In Paycayitas you will find five inspiring women who break the cultural norm of the man of the house supplying the family income. This small group of entrepreneurs each has their own product/project that they work on and sell to Paycayitas and other surrounding communities. Their businesses provide the five women with their own income and an immense feeling of empowerment. Watching these women light up about their project made me feel incredibly empowered as well. Lindsey, one of the five women, shared with me that they receive a lot of criticism for starting their own business. She proclaimed in Spanish that, “The negative opinions are just more encouragement for us women to succeed."

As I write this on International Women’s Day I think about all the amazing women I have met this week. I think about Rosaria harvesting processing her own coffee, a family tradition she has kept for years. I think about how unfortunate it is that she puts so much integrity into her work, but lacks the ability to withstand the rapidly dropping price of coffee around the world. I think about Lindsey, the young entrepreneur who not only takes care of her family, and has time to follow her own dreams and make them into reality. I think about Johanna, my host mother, who welcomed me into her beautiful home with open arms. I think about the eight amazing women from Penn State who I get to share this experience with. I also think about the women in my life back home who have supported me in all my endeavors. And the men, like my fat

her, who help raise women into warriors.
Pura Vida,


Monday, March 7, 2016

Gretchen: Pura Vida, We Have Arrived

We arrived in Costa Rica after a long, cramped flight, and we were greeted by our hosts, Alex and Fabian.  Th next day, after an absolutely beautiful breakfast of gallo pinto (typical Costa Rican breakfast food of rice and beans) at the San Lorenzo Inn, we took a busied to CATIE University, and let me tell you, it was such an inspirational visit.  A little bit of background: CATIE was created from a land-grant model of sorts during World War 2, because the US was investing rubber trees.  Once artificial rubber was invited, CATIE focused on different sciences such as sustainable agriculture and environmental protection.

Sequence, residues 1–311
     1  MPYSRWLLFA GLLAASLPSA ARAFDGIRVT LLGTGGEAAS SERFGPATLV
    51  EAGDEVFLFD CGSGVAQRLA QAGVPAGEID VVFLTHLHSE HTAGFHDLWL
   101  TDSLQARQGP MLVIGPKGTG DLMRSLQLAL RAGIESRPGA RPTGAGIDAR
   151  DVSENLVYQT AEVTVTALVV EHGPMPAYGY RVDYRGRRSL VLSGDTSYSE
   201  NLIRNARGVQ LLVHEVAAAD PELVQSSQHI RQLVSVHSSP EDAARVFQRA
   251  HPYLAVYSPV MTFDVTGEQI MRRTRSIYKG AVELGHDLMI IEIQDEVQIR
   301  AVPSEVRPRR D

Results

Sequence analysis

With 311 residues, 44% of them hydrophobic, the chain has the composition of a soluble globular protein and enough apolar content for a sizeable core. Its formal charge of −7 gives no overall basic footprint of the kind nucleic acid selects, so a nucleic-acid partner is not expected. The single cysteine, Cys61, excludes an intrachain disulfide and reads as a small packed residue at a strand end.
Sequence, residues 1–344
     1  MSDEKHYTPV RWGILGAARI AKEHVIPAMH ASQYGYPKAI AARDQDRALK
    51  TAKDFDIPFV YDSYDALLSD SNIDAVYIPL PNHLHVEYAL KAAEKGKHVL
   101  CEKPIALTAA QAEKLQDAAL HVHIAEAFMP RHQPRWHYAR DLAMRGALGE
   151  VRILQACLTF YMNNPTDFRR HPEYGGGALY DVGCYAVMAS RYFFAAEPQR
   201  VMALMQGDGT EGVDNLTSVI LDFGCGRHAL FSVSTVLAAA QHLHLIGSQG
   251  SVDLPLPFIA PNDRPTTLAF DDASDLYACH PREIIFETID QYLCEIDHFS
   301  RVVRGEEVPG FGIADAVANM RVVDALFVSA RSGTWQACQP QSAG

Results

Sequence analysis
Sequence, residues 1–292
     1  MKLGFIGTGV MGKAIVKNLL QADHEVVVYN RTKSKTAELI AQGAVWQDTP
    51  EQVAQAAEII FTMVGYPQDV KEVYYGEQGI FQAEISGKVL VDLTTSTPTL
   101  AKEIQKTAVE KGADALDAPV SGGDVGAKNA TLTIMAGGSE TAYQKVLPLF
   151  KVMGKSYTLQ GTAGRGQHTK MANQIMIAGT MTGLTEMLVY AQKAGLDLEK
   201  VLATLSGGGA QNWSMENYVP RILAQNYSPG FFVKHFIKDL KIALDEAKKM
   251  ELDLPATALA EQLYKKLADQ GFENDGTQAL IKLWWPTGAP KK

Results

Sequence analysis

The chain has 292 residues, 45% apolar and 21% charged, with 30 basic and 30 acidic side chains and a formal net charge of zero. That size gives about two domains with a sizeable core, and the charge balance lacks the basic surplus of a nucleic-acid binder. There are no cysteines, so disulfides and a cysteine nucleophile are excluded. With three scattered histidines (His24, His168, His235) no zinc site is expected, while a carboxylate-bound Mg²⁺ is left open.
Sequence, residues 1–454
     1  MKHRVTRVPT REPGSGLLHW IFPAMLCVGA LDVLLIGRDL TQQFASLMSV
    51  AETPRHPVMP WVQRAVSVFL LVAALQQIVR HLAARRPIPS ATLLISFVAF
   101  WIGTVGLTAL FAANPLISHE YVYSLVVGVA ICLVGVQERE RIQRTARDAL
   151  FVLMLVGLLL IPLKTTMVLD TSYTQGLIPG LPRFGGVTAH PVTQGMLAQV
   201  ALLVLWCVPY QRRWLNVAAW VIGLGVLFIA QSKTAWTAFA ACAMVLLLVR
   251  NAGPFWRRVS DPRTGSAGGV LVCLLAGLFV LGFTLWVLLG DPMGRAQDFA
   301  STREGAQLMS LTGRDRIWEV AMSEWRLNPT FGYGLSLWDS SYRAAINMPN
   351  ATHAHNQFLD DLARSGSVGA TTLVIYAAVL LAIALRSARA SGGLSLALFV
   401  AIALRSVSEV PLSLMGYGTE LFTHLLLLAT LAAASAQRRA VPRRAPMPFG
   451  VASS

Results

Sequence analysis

One of the very first things our host at CATIE told was that no one in the school recycles, because they consider the practice "unsustainable".  This took me and many others in our group by surprise because we have been taught from an early age to "reduce, reuse, and recycle." I was about to protest to his claim that recycling is a poor practice until he explained further, saying, "we must forget the lifestyle of 'going green'." What he said was entirely true: if we truly want to live a sustainable lifestyle, we should try to focus on reducing our waster production all together.

This prevention first method is TRULY sustainable, and it makes so much sense to me.  Recycling is a sort-of 'band-aid' approach to a quick fix.  CATIE teaches that it is important to look at our problems creatively, and note that they are intertwined with other problems.  If we truly wish to make progress in our battle against the human destruction of our world, we must do so in an integrated manner (i.e.: our lives and choices all affect each other.  At CATIE, they study in such a way that each profession is important for all topics under the sun.

Another interesting aspect about our visit at CATIE that really made me think was at the end of our tour.  Prove (The professor) took us to a small pond that had an island full of bamboo plants and the bamboo branches were full of white storks who had built their nest in the safety.  He used this as a metaphor for a sustainable lifestyle.  If something detrimental happens to the island or bamboo, what happens to the birds? They have to have a back up plan.  We must all have a backup plan in order to be sustainable.  In our food systems, we do not have a resilient force behind our production, we must have access to a successful alternative and CATIE dedicates themselves to figuring out these alternatives.  CATIE operates under the notion that we will one day be able to look back on our past mistakes within our agricultural practices and livelihood and actually understand that we were making mistakes.  Profe said he has faith that we will be able to do this, because we have solved and overcome many problems in the past.

So far, our trip has been stimulating and relaxing.  I would not have it any other way.  I cannot wait to see what the rest of the week has in store for us! Pura Vida!

First Days in Costa Rica

Penn State students are enjoying their first few days in Costa Rica. We have spent the day at CATIE university and arrived late last evening in the rural community where students spent time getting to know their host families.